Folks who follow me know that I teach recent immigrants, am an immigrant, and am working on a graphic novel about immigrants. I believe in underdogs telling their own stories and advocating for themselves. It's all serious business and I'm afraid sometimes of boring or scaring off people who just aren't into that sort of thing. I want to have conversations with people who aren't already on my side of the political fence.
Problem is, we're all with the exception of Rush Limbaugh pretty well-conditioned to use careful words around hot button issues like immigration and race. It's hard to have an honest conversation - the kind that moves us forward - when everyone's holding back. It was surprising how many times in college and grad school I found myself in a room full of white people, being the only person who would admit that I had ever been racist. (I mean, really?)
But now there's BLUE, which doesn't pretend at all to be politically correct. It's narrated by a crotchety old white fella in a fictional seaside town in Australia that has been changed by the influx of immigrants, whom Pat draws as aliens with blue skin and tentacles, which is what immigrants look like to the younger version of the narrator when he sees them for the first time.
Pat doesn't try to speak for the aliens. Instead, his story centers on the white narrator and his two white schoolmates. They're thirteen year olds who are not very nice; in fact the story opens with them stomping on their own sandcastle just so an out-of-town kid can't play with it. They react to the blue aliens with racist jokes, hostility, and eventually resentment. I told Pat on a beach a few years ago that if he could make these kids endearing to someone like me (read: left-leaning, easily offended immigrant), he'd be onto something. And he did it. He's made them so real, with the way they talk and the things they say, and that special blend of cruelty and vulnerability that thirteen year olds are made of, that I care about them and want to understand where they are coming from. And that is a powerful way to open up a conversation about anything, but especially about how we deal with people we perceive to be our cultural other. Though BLUE is inspired by racial tensions in Australia, its themes are relevant everywhere - and of course here in the U.S., where even though everyone is so politically correct and no one admits to being racist anymore, we pass new anti-immigrant laws and clamor behind angry pundits every time the economy is bad.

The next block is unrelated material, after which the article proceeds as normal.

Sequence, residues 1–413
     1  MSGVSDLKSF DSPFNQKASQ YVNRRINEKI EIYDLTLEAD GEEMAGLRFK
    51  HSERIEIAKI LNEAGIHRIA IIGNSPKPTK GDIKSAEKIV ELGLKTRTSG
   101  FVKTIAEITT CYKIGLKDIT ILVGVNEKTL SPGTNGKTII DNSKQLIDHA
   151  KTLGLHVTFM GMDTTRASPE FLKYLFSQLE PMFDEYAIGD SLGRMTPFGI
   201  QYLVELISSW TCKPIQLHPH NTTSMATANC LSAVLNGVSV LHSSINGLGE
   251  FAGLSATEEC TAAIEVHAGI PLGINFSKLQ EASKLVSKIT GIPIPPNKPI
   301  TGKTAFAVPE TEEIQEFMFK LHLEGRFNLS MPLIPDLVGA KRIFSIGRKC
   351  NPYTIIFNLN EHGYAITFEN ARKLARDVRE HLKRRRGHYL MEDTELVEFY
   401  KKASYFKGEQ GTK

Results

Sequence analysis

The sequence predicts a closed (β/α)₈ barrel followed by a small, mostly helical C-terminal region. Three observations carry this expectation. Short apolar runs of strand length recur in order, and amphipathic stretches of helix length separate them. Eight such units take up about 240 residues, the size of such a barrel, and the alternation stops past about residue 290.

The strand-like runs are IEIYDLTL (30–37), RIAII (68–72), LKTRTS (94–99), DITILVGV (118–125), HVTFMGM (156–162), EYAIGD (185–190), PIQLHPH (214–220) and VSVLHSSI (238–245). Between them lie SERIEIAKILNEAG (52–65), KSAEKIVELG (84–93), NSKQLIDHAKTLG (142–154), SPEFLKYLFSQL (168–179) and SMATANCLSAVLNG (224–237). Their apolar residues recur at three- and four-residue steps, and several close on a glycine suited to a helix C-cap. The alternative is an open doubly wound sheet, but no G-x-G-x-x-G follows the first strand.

and in the spirit of the zine fest, I've made this little mini-comic called BALLS.
Also, and this is very exciting...
I'll be bringing a few copies of this comics anthology I published with my students at Oakland International High School. There's a nice buzz building about the book, and the whole comics project behind it. Listen for a story on KQED (Bay Area 88.5), The California Report, on Feb 24.
The book's official launch is not till Thursday, Feb 23,
but if you're in LA, you'll be the first to see it.
I made good progress on rewriting a chapter. Never enough but that's how it goes. These are the taking care of others years. May I learn enough patience to live them gracefully, and reserve the angst to party like a rock star later.